I think that Siri you sum it up logically via a process of learning and working and applying your previous knowledge to make decisions in an independent manner. But people continue to miss this holy point. Those who have no background and have not gone through the process will never understand the point and the utility of that type of learning. Ultimately it will be the patient who pays the price for textbook care and our profession as a whole will continue to be viewed as inconsistent and willing to give anyone a degree. I say this often..."NP's work 3x as hard as docs to get things right because when an NP screws up there will be someone there to say "see this happened because they're not a doctor". To me I don't care about how people pass their boards either. It is not that hard to pass boards if you study hard enough. I do not believe that a milllion clinic hours make up for basic experience. So what... you have 1200 clinical hours and you 'aren't allowed to work'. That's a pretty sweet ride. My last student was with me 2 days a week and wrote some paper on some subject that was interesting but that's as far as it went. I would have much rather she spent the time figuring out how to assess a patient within a reasonable time frame and still get a decent note written. And this was an experienced nurse who really was outstanding at the bedside. Funny, how she actually thought being an NP was a 'big deal' and understood what her nursing brought to the picture. It was here nursing that she brought forward to each an every patient. I was much more tolerant for her struggle to do it right and well versus just getting the job done. However, the proof will be in the pudding when you don't have the text or your preceptor at hand to bail you out. When you do not have the memory of a similar situation as a nurse and how the team as a whole handled the patient. When you are asked by a famliy to explain the whole nuts and bolts of a case and you don't have a Bates to rely on. I still have to ask...why are you going into nursing again?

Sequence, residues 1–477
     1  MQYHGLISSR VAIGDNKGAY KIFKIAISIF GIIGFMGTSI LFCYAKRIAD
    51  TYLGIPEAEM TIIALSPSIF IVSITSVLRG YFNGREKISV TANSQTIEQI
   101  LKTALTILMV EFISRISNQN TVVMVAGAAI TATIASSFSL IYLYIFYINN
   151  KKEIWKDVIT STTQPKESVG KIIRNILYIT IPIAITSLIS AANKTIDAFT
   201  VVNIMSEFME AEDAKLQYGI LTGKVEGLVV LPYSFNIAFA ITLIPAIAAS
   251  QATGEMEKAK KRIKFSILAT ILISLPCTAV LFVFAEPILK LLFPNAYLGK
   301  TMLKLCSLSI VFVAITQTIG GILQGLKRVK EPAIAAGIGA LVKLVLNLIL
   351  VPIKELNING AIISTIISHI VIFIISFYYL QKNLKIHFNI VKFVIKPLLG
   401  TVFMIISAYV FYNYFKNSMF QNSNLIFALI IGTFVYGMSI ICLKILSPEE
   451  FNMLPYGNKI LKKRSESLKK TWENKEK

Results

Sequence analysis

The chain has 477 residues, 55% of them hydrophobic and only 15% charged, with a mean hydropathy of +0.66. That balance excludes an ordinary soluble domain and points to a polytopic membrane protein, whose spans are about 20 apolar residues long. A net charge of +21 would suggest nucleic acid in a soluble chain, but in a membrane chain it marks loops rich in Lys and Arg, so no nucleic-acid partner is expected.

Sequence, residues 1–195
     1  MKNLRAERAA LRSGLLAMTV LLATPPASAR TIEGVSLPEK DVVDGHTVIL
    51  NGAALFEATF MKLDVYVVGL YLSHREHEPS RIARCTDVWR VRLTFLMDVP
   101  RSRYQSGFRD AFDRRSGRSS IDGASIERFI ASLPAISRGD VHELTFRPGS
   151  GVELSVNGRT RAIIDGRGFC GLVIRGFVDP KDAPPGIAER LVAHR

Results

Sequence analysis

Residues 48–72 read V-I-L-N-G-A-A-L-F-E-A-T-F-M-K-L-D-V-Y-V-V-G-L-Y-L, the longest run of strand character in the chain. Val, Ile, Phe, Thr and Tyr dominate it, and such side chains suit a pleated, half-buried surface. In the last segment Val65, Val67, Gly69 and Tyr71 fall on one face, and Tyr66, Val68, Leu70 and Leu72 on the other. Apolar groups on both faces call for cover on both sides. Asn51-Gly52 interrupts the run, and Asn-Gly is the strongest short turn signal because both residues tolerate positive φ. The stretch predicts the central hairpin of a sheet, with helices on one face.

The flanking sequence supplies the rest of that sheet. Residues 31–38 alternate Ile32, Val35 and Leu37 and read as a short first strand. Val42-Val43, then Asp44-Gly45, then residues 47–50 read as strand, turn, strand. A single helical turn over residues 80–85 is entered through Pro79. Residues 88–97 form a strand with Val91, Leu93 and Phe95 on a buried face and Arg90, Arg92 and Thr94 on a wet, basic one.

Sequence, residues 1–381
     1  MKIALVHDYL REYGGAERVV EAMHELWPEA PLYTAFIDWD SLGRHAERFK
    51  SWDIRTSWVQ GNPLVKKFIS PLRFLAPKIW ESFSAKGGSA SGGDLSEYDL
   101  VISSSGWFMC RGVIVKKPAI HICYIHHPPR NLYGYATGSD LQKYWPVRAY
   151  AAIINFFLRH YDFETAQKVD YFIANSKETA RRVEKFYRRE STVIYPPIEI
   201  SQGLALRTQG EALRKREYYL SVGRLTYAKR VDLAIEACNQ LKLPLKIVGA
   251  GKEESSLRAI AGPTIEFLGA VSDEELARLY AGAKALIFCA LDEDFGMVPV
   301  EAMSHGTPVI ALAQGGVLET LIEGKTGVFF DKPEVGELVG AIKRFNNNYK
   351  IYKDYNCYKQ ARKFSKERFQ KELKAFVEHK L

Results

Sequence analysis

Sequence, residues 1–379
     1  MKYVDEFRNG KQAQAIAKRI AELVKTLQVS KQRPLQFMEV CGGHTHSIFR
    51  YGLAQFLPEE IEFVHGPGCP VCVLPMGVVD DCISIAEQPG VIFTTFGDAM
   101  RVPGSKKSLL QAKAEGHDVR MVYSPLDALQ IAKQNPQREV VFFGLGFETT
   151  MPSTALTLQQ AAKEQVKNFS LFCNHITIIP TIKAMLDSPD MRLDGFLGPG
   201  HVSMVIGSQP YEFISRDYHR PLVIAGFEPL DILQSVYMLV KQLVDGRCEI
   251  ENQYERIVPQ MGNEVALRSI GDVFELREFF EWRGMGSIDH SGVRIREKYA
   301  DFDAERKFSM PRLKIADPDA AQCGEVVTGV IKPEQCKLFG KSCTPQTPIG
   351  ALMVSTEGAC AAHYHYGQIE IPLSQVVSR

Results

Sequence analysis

12. EastCoast

    NP w/no desire for RN?

    Well said Mardanurse. Again the posts from people who want to just go to NP school for the glory and authority (IMO) have little knowledge of the guts of nursing. A chimpanzee can draw an ABG and perform tasks. In fact many of the things that are procedure driven are now not done by the RN. However, it will be a nurse who can figure before the ABG is back that the patient is alkalotic based upon how they look. I will say it for the 10th time. Please, NP's without experience....stick to your minute clinics where a rapid strep willl make your diagnosis for you as opposed to clinical exam. Stay away from hospitals. You'll end up killing someone.
  13. EastCoast

    NP w/no desire for RN?